Sovereign of the Seas(KL04)


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Product Description

Sovereign of the Seas

Finished Size L: 1420mm  

Scale 1:60

Sovereign of the Seas was ordered in August 1634 on personal initiative of Charles I of England, who desired a giant Great Ship to be built. The decision provoked much opposition from the Brethren of Trinity House, who pointed out that "There is no port in the Kingdome that can harbour this shipp. The wild sea must bee her port, her anchors and cables her safety; if either fayle, the shipp must perish, the King lose his jewel, four or five hundred man must die, and perhaps some great and noble peer".[5] But the King overcame the objections with the help of John Pennington and from May 1635 she was built by Peter Pett (later a Commissioner of the Navy), under the guidance of his father Phineas, the king's master shipwright, and was launched at Woolwich Dockyard on 13 October 1637. As the second three-decked first-rate (the first three-decker being Prince Royal of 1610), she was the predecessor of Nelson's Victory, although Revenge, built in 1577 by Mathew Baker, was the inspiration providing the innovation of a single deck devoted entirely to broadside guns.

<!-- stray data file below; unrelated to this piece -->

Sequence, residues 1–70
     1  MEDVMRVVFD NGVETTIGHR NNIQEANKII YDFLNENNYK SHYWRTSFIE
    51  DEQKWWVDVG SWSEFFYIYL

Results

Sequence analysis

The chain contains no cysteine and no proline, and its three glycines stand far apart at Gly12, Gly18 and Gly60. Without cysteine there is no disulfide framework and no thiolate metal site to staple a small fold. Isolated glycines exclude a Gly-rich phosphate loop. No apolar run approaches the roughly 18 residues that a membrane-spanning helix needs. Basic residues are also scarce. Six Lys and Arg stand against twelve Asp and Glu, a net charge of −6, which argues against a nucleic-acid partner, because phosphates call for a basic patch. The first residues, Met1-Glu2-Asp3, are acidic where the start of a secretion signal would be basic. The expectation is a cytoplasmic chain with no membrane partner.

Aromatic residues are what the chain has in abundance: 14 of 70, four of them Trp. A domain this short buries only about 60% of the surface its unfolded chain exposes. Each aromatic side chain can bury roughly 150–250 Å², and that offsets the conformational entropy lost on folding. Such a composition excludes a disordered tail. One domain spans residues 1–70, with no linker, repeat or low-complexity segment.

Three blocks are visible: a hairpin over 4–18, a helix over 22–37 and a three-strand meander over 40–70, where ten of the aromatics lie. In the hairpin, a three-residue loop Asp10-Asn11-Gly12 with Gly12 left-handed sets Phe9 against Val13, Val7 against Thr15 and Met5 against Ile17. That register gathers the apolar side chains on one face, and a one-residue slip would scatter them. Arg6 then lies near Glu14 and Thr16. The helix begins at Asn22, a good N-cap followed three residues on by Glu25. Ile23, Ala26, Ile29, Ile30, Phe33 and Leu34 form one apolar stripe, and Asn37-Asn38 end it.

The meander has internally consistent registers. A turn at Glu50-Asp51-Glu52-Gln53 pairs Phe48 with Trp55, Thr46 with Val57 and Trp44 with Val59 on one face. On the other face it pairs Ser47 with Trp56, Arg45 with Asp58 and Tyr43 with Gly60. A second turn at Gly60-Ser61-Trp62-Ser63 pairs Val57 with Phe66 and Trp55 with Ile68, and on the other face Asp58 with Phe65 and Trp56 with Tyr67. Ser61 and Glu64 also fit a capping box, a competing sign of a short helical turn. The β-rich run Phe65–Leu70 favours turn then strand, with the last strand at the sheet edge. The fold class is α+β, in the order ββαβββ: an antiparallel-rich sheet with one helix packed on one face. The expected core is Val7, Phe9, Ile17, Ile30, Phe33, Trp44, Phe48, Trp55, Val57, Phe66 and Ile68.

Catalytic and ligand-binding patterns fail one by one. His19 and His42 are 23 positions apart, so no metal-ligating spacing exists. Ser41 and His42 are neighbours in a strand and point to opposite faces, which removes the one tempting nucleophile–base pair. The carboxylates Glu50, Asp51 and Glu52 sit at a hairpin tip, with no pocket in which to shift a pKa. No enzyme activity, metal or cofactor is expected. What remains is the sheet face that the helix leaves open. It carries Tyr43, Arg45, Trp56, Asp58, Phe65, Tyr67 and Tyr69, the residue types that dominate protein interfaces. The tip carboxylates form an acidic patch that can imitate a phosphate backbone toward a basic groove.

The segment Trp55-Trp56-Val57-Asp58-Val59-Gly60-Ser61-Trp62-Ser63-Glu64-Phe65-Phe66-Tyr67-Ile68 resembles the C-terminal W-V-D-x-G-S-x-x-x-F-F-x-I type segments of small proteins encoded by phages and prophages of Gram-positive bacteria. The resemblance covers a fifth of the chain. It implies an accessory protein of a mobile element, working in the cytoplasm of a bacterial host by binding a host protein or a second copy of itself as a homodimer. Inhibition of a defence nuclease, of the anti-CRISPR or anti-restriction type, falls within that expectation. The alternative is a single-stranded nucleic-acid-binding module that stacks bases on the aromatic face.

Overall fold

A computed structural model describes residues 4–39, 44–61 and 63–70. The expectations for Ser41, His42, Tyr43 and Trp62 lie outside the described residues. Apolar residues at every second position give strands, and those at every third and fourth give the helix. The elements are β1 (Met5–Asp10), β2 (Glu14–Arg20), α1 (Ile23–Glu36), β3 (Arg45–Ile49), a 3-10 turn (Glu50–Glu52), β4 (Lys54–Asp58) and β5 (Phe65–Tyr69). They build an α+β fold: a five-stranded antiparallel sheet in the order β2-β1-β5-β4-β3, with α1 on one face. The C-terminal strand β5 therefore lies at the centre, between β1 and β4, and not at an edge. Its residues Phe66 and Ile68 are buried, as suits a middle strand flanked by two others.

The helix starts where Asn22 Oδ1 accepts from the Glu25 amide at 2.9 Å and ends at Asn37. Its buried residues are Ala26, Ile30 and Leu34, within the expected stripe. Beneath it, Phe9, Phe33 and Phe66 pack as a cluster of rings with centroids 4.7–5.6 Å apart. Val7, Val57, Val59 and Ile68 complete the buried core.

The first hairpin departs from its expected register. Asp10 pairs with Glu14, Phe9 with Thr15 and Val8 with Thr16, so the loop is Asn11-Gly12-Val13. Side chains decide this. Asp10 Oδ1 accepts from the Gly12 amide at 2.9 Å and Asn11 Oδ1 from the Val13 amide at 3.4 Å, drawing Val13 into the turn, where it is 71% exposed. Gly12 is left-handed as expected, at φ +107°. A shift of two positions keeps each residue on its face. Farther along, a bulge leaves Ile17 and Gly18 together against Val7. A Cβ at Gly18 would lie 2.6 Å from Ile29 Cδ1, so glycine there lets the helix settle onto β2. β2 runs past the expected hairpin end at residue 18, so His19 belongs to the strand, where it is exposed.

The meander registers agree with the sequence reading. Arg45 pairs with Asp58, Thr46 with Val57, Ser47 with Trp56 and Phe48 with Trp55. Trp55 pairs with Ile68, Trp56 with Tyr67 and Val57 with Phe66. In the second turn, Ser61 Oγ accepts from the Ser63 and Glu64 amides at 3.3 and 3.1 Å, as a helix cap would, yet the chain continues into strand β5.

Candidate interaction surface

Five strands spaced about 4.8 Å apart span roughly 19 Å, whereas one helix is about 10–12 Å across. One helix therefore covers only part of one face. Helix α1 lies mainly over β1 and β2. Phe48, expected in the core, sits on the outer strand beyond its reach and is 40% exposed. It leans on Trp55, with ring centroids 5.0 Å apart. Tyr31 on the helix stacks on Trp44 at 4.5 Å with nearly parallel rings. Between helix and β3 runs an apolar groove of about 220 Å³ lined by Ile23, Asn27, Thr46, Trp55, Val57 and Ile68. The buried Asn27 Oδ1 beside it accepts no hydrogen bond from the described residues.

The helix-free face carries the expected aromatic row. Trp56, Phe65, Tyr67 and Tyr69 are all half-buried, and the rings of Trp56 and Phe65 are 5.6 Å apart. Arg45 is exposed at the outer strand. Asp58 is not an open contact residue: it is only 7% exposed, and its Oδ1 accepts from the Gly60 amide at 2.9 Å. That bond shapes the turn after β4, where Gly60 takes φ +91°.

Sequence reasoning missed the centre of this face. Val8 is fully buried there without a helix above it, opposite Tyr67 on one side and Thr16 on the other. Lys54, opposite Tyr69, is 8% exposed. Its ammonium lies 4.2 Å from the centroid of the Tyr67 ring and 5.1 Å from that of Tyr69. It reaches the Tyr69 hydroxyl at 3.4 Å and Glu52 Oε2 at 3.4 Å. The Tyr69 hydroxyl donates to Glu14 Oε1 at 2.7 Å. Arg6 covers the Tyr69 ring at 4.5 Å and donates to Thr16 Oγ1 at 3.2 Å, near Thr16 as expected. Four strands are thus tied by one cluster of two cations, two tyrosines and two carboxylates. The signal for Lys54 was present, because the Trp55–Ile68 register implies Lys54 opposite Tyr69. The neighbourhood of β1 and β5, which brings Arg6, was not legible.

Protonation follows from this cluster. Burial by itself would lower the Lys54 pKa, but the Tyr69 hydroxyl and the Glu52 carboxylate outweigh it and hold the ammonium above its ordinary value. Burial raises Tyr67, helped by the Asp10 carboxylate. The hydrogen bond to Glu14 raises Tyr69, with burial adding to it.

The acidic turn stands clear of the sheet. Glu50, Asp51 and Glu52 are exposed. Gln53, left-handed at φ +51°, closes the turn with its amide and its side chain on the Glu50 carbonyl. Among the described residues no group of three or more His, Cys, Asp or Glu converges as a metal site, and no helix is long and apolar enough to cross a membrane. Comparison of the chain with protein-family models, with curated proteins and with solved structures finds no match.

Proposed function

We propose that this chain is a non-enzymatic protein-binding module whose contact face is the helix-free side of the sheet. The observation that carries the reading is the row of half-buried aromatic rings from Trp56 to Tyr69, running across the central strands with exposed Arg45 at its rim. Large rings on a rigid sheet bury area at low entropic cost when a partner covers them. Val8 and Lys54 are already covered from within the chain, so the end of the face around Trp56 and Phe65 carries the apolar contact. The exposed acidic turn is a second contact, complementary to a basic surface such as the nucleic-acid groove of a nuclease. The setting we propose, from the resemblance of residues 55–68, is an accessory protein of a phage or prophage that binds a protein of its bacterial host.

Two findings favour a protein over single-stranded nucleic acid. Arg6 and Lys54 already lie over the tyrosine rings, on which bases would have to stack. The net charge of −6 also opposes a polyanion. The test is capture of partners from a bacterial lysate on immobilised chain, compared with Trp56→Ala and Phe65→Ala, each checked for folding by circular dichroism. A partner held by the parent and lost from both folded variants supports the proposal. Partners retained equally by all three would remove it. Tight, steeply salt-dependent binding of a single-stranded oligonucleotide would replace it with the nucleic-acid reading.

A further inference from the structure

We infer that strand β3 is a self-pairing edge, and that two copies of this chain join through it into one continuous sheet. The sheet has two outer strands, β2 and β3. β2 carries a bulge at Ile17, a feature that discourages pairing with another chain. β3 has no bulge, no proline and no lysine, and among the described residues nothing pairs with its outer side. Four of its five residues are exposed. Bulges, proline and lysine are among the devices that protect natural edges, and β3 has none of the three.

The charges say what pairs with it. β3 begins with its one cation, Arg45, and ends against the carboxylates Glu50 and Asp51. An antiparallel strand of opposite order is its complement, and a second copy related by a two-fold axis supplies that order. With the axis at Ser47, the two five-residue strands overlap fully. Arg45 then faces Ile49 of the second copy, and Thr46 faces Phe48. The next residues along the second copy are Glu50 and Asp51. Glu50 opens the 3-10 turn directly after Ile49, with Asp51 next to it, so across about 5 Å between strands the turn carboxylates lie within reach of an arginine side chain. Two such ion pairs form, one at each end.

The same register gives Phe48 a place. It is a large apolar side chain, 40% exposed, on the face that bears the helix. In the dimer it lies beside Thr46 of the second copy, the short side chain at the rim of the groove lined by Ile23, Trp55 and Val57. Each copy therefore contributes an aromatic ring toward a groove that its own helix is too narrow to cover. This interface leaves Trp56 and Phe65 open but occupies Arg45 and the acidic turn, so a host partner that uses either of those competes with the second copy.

She was smaller than Naseby (later renamed Royal Charles), but she was in regular service during the three Anglo-Dutch Wars, surviving the Raid on the Medway in 1667 by being at Portsmouth at the time.[11] She underwent a second rebuild in 1685 at Chatham Dockyard, relaunching as a first rate of 100 guns,[3] before taking part in the outset of the War of the Grand Alliance against Louis XIV of France. For the first time she ventured into the Irish Sea,[12] and later participated in the Battle of Beachy Head (1690) and the Battle of La Hougue, when she was more than fifty years old. In that period she was the first ship in history that flew royals above her topgallant sails and a topgallant sail on the jigger-mast.[13]

Sovereign became leaky and defective with age during the reign of William III, and was laid up at Chatham, ignominiously ending her days, on 27 January 1697,[3][4] by being burnt to the water line as a result of having been set on fire either by accident, negligence or design. Some part of the popular folklore attributes the fire to an overturned candle.[citation needed]

  • Model: KL04
  • Shipping Weight: 20kg
  • 1 Units in Stock

This product was added to our catalog on Friday 07 January, 2011.

Keywords: Model ship kit Model ship kit